• Medicare Operations. The Republican bill cuts appropriations for the Centers for Medicare and Medicaid Services by $458 million below FY 2010 and $634 million below the budget request. This amounts to a 13 percent overall reduction from last year and would leave appropriations a bit below their level five years earlier.  Most of these funds are used for review and processing of payments to doctors, hospitals and other providers for services to Medicare patients.  Cuts of this magnitude will cause serious problems for the timely payment of claims (jeopardizing the financial health of some providers), as well as hampering efforts to reduce fraud and abuse in the program.  
  • Family Planning.  The bill entirely eliminates funding for the title X Family Planning program, which received $317 million in FY 2010.  This program helps support family planning and reproductive health services to more than 5 million people annually at 4,500 community-based clinics.  Grantees include state and local health departments, hospitals, community health centers, and private non-profit organizations.  Services provided include the full range of contraceptive services, as well as screening and treatment for sexually transmitted diseases, cancer and HIV screenings, education, and other preventive services.
  • Teen Pregnancy Prevention.  The bill also eliminates funding for the Teen Pregnancy Prevention program (which received appropriations of $110 million in FY 2010).  This program makes competitive grants to public agencies and private non-profit organizations to support evidence-based teen pregnancy prevention efforts.
  • Health Professions and Nurse Training.  The CR cuts the HHS health professions training programs by $57 million or 23 percent below the FY 2010 level.  These programs are primarily designed to expand the number of primary care providers in medically underserved areas.  In addition, the CR cuts a separate group of programs that support training of nurses and scholarships for nursing students by $88 million or 36 percent.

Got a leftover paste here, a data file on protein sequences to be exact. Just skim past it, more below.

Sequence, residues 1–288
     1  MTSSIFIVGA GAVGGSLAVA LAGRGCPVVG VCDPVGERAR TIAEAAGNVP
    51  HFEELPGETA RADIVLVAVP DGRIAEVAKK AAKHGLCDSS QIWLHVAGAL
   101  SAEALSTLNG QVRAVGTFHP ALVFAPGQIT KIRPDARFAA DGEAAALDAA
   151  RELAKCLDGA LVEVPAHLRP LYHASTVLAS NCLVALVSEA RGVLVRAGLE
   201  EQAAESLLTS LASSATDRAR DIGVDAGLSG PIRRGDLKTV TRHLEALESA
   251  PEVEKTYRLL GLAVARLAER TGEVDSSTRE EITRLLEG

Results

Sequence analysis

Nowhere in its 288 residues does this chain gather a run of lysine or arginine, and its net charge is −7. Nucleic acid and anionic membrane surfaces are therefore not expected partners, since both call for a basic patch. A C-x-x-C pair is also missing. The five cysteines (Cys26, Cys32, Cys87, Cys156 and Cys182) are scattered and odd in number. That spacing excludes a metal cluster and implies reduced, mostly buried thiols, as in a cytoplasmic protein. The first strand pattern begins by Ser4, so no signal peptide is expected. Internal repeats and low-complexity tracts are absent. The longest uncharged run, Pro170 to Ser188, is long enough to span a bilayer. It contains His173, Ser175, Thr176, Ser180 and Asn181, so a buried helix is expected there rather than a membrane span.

Other Agencies

  • Social Security Operations. The Republican bill cuts funding for operations at the Social Security Administration by $125 million below FY 2010 and $1.057 billion below the President's request. It also rescinds $500 million currently available to Social Security for its information technology needs.  These cuts will severely hamper efforts to keep up with growing workloads and reduce the backlog of pending claims for disability benefits.  At the very minimum, they will force indefinite continuation of the current hiring freeze, which is expected to reduce staffing by about 2,500 at the Social Security Administration and by 1,000 at the state agencies that do initial review of disability applications.  It is quite possible that the hiring freeze will not be sufficient, and furloughs will be required.   In either case, the bill will produce longer waits for service at Social Security offices or on the phone and longer delays in decisions on claims.